Regardless of how you choose to do your WooCommerce Google Analytics integration (whether you use a plugin or do manually inserting the GA4 snippet on your page headers), you should make sure you are actually making full use of your analytics integration. The best two ways to do these are setting goals and testing your data streams regularly.
1. Set Up Goals and Funnels
GA4 funnels optimize steps taken to a Goal, while Goals measure how many customers take action leading to a purchase. Before (with Universal Analytics), you had to set these up using a limited set of criteria for conversions. With the new Google Analytics 4, though, mobile app events are considered conversions (the default is four, but you can mark up to 30 if you want to).
Funnels in Universal Analytics were also completely revamped for GA4 and made easier to navigate. All users now have access to the funnel exploration technique, which allows you to apply them to historical data, customize them based on events, and create sequences.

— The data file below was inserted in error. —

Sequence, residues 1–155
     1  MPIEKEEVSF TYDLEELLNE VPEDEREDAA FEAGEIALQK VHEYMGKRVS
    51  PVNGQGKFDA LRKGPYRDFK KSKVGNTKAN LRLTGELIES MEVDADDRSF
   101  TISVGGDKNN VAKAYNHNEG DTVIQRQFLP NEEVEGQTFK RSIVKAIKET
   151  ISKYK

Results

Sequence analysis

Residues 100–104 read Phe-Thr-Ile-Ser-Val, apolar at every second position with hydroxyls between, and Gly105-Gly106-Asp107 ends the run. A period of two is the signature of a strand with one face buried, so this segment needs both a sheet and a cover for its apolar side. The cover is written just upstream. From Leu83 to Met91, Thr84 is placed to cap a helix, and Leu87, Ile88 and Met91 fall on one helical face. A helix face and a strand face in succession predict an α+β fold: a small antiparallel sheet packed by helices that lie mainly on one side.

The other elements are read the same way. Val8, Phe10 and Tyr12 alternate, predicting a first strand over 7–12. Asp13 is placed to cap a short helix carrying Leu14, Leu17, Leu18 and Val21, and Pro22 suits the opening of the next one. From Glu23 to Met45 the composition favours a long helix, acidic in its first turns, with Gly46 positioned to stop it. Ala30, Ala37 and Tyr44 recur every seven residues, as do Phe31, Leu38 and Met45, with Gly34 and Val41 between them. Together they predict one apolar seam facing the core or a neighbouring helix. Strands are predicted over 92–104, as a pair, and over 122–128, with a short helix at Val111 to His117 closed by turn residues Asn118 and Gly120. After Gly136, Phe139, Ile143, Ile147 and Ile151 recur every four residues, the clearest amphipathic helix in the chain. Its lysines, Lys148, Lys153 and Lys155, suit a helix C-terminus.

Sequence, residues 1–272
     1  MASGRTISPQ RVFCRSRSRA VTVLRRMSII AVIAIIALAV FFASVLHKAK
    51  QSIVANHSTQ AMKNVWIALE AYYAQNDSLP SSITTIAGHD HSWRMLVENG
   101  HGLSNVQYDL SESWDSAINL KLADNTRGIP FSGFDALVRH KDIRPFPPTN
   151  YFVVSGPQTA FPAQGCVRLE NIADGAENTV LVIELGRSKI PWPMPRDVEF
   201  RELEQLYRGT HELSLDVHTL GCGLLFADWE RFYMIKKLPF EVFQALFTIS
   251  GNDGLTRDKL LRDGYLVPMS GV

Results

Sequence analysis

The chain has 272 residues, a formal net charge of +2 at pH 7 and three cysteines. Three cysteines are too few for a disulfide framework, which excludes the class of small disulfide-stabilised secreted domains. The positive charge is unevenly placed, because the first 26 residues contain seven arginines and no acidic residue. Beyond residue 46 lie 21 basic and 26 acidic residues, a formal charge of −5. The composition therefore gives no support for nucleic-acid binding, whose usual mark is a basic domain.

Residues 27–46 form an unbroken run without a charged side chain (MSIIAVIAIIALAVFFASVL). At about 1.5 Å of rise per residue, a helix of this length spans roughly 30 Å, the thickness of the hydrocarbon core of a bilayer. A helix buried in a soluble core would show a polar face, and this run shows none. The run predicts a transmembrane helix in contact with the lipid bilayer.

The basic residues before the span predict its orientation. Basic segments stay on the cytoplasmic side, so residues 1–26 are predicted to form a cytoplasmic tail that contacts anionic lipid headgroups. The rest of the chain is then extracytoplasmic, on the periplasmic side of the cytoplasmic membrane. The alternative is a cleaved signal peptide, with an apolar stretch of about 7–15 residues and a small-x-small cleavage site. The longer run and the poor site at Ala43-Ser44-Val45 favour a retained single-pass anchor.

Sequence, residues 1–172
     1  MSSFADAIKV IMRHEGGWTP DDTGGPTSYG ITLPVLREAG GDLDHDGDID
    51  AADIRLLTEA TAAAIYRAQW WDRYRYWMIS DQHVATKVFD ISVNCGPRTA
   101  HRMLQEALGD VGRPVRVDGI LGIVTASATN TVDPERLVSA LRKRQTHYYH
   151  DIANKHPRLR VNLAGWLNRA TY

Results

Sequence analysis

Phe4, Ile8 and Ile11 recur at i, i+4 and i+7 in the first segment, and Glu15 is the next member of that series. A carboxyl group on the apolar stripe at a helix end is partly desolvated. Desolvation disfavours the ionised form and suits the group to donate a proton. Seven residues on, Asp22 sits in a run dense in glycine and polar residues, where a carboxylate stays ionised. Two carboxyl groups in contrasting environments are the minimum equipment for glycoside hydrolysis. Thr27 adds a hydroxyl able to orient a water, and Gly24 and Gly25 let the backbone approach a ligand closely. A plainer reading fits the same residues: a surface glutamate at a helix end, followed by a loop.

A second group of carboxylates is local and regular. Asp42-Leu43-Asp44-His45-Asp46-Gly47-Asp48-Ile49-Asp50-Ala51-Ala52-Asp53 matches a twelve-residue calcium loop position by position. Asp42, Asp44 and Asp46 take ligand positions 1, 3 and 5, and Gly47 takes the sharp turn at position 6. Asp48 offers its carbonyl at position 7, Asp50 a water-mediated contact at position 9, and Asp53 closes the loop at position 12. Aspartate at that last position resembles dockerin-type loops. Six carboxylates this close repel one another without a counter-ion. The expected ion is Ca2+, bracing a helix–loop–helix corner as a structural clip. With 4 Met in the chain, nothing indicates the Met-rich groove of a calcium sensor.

2. Test your Integration
When you first set up Google Analytics 4 for WooCommerce, you may not see traffic data for about 24 to 48 hours. However, you can test whether the integration is working correctly by going to the Dashboard on Google Analytics and choosing the Real Time tab. If you see data, it means the code has worked, and you’re all done!
Choose A Codeable Expert to integrate GA4 for you
As we’ve seen in this article, setting up Google Analytics 4 is relatively straightforward if you follow the steps we detailed above. However, integrating the tool is just the first step in learning more about your site’s performance.
Google Analytics 4 is a powerful solution you can use to understand your customers’ behavior and their interactions with your website across different devices, including when they click “add to cart” or “go to checkout.” Compared to Universal Analytics, reporting on GA4 has been made vastly more accessible. However, all the power of machine learning and predictive analytics will do little for your business if you don’t know how to utilize this information to improve your customer journey.
If you want to make the most of GA4, you should always understand what the things you want to measure are and how you will utilize this gathered data to improve your eCommerce site.
If you’re hesitant to add code to your website yourself or want a more bespoke option, you always have the option of hiring a Codeable specialized Google Analytics developer to do a one-time task, work on a project, or as needed in order to take care of it for you.
All Codeable developers are vetted and monitored to ensure the best quality. It only takes a few minutes to find the perfect expert for your project. Try Codeable today!